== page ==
php ws_main.php 8080 GET /wavsep/index-xss.jsp >> reportXSS.html
                             php ws_main.php 8080 GET /wavsep/index-sql.jsp >> reportSQL.html
                             php ws_main.php 8080 GET /wavsep/index-false.jsp >> reportFalse.html
                             The scanner successfully crawled all URLs.

01 August 2011                                                                                                                                        Page 3 of 13
Scanner          Scan Description

arachni          According to the recommendations in the website, I used ruby 1.9.2, and installed the application using the ruby gems
                 I initially tested version 0.2.4, using the web interface, and the following configuration:

                 Configuration changes: Disabled Audit-Cookies, Reduced Concurrent HTTP Connections to 5 (from 20)

                 *Plugins enabled when testing RXSS/False RXSS exposures:*
                 XSS, XSSPath, ResponseSplitting, UnvalidatedRedirect, XSS in HTML element event attribute, XSS in HTML "script" tag, XSS in
                 HTML tag, XSSURI

                 *Plugins enabled when testing SQLi/False SQLi exposures:*
                 Code injection (timing), Blind (rDiff) SQL Injection , SQLInjection, Code injection , Blind (timing) SQL injection, OS command
                 injection , XPathInjection , OS command injection (timing)

                 In addition, I tried scanning the individual directories using the dedicated plugins (SQLi/XSS).
                 During the scans, I found several minor bugs that caused the blind SQLi detection accuracy of the tool to be inconsistent, and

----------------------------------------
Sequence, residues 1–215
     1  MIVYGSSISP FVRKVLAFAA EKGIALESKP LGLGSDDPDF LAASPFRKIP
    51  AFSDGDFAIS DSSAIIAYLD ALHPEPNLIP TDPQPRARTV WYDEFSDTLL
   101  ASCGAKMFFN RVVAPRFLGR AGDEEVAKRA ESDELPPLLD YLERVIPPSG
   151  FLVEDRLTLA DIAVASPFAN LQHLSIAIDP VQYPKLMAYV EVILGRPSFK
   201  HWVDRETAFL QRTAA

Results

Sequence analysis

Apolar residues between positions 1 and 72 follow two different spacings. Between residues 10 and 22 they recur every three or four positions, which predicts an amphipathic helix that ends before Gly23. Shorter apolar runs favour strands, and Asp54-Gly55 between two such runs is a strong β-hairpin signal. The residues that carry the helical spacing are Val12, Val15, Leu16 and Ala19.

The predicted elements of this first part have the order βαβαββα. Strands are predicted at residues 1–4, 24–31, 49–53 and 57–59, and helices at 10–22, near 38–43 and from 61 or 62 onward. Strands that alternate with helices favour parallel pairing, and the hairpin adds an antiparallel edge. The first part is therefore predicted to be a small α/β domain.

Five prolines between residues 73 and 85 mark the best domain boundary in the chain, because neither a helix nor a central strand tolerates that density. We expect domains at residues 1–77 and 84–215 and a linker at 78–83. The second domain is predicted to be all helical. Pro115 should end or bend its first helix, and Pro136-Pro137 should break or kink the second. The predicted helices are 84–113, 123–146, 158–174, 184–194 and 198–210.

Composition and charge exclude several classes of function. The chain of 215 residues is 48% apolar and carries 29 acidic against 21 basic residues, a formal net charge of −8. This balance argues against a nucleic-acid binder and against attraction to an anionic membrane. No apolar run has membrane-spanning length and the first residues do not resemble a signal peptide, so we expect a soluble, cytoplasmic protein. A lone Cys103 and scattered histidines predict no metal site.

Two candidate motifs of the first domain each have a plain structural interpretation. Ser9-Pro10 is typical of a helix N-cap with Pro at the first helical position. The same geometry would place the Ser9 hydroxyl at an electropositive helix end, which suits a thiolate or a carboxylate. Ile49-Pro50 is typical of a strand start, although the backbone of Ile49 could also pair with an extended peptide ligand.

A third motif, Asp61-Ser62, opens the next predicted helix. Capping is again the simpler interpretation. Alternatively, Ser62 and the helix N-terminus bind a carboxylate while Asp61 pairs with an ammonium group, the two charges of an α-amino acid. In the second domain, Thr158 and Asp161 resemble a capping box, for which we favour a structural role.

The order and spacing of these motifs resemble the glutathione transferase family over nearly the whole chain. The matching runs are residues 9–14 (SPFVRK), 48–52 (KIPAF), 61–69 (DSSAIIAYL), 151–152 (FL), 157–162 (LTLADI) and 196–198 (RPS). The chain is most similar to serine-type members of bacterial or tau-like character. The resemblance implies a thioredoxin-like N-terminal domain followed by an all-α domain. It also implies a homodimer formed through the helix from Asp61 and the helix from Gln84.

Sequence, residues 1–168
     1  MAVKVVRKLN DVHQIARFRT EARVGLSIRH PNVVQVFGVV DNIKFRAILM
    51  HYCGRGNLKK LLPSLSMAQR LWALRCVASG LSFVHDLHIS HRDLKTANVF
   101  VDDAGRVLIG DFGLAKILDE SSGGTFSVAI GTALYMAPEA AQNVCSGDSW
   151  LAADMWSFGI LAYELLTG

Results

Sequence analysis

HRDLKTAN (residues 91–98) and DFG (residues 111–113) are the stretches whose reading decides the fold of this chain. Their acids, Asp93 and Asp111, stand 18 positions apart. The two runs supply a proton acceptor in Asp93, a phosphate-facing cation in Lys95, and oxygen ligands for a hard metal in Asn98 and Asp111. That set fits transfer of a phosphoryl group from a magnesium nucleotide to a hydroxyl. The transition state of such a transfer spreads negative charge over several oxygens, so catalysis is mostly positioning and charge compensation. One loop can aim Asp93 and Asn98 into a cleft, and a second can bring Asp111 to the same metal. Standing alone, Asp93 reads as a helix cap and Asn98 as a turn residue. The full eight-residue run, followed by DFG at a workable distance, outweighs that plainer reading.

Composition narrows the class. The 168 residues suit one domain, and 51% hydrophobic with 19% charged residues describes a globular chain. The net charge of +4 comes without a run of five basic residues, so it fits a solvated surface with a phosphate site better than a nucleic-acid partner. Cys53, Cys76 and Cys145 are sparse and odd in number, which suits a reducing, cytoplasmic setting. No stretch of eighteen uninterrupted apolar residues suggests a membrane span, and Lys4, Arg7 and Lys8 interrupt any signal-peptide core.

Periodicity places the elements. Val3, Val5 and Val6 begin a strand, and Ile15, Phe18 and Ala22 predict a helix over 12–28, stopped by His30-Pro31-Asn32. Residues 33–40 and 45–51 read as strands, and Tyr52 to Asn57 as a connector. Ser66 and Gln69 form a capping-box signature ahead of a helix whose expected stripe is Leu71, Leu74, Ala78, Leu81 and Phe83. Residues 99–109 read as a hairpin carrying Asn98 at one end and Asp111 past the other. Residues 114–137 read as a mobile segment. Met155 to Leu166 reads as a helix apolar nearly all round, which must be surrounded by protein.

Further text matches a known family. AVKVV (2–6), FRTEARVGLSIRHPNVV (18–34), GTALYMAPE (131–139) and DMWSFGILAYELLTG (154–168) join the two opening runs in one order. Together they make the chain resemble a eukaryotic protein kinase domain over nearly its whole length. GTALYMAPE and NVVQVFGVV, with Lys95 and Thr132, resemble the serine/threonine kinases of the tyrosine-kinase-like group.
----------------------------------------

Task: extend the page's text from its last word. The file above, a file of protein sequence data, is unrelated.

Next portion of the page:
contacted Tasos Laskus (the author) to notify him on the bugs.
                 He quickly started mitigating the issues, and after a few iterations (and a few sleepless nights), sent me the new release,
                 arachni-0.3, which had much better accuracy... as the final results demonstrate (The RXSS results are nearly identical in both
                 versions – 99% vs 100%).

                 When using the upgraded version, I used the following command-line commands to scan the individual directories:

                 arachni http://[ip]:[port]/wavsep/[xss-directory]/index.jsp -m xss* -gp
                 arachni http://[ip]:[port]/wavsep/[sqli-directory]/index.jsp -m sqli* --http-req-limit=1 -gp
                 Note that the verifications performed with the updated version of arachni (0.3) improved the results of the SQL Injection
                 detection in 20 test cases (significant), but where executed using a single thread, to a void inconsistency in the time based
                 detection module, at least, as much as possible.

Xcobra           The lack of documentation made it pretty difficult to locate the dependencies for this tool. I tested it on a Fedora VM with
                 python 2.6.x & PyGTK (and additional libraries). The GUI loaded successfully, but each scan performed with the tool ended
                 immediately without any findings, even though I enabled all the plug-ins. I tried to execute the scanner in an additional couple
                 of ways:
                 First, I tried to refer the GUI to the public root URL; it did not seem to crawl the application, so I tried the same with the login
                 page; still, no results. Finally I tried executing the scanner (via the GUI) by loading a target file containing the URLs, but even
                 though the URLs were all loaded successfully, no vulnerabilities were found.
                 Similar scans were performed using the command line version of the tool, without any changes in the results (apart from
                 exceptions and notifications).
                 python xcobra.py -i WavsepScan.txt -d 7 –v
                 The tool did not find vulnerabilities (it seemed to be working, since it did not throw exceptions).

XSSS             I installed the dependencies, gave the perl script execution permission, and then executed the tool in front of the root URL of
                 the public section of the application, while enabling the form scanning feature (the public section should be completely
                 covered by the default crawling depth of the tool, which is 5, so no additional configuration changes were made). I used the
                 following execution commands:
                 ./xss --forms